Reviewing the patchwork of contracts that are disclosed in Federal Election Commission filings, Targeted Victory appears to be one of the architects of ORCA and, quite to their chagrin, their name seems to have delivered Defeat to clients Mitt Romney, Floridian Connie Mack, Virginian George Allen, Massachusetts' own Scott Brown, and Wisconsin's Tommy Thompson. Their concoction of text messaging, social media blizzarding, keyword optimization and the like looked more like a penguin diving into the yawning jaws of a hungry sea lion than the silent lord of the deep. Targeted Victory did a nice job of lining their own pockets with campaign cash but, beyond that, they delivered a forgettable performance. The obsession with watery names persisting, Rockfish Interactive also siphoned some of the campaigns' sea lettuce with their "be the first to know" digital campaign apps. Together with MindShift Techonologies (run by former COLT Telecom Group's management team) and SCM Associates (established by Stephen C. Meyers in 1991), it appears that the one thing that the campaign can reasonably be expected to produce is generous donations to Babson College in Wellesley, Massachusetts. Why? Because more Babson alum were at the Republican trough slurping up campaign cash than many if not any other school. U.S. News & World Report gave Babson high marks for entrepreneurship education and they did the French word proud. Their alum stashed the cash while presiding over a national big top circus. Well done! Probably a good idea not to overplay the Technology, Operation, and Information Management degree as the tech side of the story is not quite so rosy.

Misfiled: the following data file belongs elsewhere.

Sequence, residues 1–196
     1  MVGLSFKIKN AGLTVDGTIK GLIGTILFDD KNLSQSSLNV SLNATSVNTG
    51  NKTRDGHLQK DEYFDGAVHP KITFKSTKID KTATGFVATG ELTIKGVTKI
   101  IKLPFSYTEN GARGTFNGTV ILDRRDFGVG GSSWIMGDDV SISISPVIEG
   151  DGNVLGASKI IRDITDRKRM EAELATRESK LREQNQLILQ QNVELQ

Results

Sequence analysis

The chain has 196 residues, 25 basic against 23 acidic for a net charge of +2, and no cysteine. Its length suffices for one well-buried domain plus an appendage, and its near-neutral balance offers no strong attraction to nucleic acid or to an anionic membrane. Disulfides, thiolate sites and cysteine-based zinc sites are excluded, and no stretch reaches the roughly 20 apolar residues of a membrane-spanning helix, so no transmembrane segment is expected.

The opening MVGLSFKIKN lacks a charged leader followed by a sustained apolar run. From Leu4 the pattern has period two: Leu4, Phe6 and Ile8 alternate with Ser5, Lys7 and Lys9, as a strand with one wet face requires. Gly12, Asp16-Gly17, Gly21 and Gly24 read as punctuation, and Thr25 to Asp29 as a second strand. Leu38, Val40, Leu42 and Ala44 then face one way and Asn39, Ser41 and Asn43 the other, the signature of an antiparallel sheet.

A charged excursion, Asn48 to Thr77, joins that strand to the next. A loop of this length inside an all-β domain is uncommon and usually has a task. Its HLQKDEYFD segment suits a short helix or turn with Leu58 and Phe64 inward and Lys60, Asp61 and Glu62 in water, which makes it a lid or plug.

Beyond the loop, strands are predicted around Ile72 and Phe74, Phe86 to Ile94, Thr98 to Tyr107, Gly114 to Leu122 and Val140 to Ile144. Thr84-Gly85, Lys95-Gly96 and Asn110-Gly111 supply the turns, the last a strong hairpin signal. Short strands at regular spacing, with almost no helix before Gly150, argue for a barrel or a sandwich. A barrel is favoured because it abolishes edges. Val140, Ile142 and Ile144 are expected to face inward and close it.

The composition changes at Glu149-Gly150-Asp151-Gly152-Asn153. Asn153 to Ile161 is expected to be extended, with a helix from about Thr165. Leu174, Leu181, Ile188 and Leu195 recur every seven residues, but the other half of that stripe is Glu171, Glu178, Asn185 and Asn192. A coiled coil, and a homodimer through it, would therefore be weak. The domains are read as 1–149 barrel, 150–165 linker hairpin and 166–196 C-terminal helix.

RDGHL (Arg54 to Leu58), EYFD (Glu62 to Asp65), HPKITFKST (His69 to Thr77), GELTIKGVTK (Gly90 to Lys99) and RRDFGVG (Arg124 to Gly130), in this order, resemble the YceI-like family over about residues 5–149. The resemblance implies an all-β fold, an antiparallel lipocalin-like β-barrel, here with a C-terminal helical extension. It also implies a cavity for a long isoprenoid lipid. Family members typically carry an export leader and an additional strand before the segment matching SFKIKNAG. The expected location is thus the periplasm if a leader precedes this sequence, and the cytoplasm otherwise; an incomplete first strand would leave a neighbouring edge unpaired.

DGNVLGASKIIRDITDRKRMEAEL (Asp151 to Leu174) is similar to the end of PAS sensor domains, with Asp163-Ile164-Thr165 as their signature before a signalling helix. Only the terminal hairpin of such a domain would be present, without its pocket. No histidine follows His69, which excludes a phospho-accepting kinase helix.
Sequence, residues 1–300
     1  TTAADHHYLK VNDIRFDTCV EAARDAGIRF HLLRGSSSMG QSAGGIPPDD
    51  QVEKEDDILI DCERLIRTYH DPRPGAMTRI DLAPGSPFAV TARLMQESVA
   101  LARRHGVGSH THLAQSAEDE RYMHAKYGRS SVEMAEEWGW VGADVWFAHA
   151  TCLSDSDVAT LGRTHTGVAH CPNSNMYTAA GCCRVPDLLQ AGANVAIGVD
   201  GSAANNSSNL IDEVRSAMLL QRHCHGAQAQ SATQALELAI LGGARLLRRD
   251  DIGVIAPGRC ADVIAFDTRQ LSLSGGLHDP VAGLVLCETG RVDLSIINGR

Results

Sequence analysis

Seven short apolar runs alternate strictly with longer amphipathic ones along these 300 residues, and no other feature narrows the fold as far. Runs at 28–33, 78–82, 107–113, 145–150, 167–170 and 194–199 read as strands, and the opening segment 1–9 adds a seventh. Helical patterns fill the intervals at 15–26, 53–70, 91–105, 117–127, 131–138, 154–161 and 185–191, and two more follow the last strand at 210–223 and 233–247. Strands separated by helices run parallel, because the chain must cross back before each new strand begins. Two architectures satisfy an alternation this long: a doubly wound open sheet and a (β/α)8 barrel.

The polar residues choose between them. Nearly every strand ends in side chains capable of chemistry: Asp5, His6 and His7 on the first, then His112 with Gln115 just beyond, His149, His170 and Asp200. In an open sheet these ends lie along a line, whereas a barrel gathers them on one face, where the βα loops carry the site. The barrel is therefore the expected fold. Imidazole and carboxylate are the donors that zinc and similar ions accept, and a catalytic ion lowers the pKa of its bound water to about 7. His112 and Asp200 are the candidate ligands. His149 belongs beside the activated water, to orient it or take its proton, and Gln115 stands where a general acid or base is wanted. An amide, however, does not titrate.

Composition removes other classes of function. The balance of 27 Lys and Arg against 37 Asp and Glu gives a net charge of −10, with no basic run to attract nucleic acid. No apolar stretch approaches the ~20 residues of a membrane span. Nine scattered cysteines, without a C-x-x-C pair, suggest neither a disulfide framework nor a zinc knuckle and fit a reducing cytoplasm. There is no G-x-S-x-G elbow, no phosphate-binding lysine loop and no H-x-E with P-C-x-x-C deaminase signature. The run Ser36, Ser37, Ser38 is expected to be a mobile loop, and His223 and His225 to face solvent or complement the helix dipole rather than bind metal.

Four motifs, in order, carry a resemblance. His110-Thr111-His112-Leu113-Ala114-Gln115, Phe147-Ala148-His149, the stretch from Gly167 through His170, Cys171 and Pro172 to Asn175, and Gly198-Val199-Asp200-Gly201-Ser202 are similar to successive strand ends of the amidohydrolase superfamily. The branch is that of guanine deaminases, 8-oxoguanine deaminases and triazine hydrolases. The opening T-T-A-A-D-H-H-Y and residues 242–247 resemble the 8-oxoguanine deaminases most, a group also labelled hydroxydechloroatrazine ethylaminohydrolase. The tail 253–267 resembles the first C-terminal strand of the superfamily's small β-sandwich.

Why did Romney's whale beach? In part because of the same arrogance promoted by IBM's pronouncement that "90% of the data in the world today has been created in the last two years alone." Daily dozen terabytes of tweets, 500 million phone call records, billions of pictures, videos, and documents - how couldn't they be right? Well, the answer is digital. No, really, I mean digital. Romney's campaign and IBM both think that the only thing worth counting is discrete variables: yes or no; black or white; on or off; red or blue. Complexity (like two or more dimensions) is the enemy of this illusory world. It's best if we ignore the fact that the world we inhabit and the cosmic expanse through which we travel are analog with continuous flux. When you over-attribute confidence to one-dimensional perspectives framed in digital reality, you lose. And when it's done at scale, we all lose.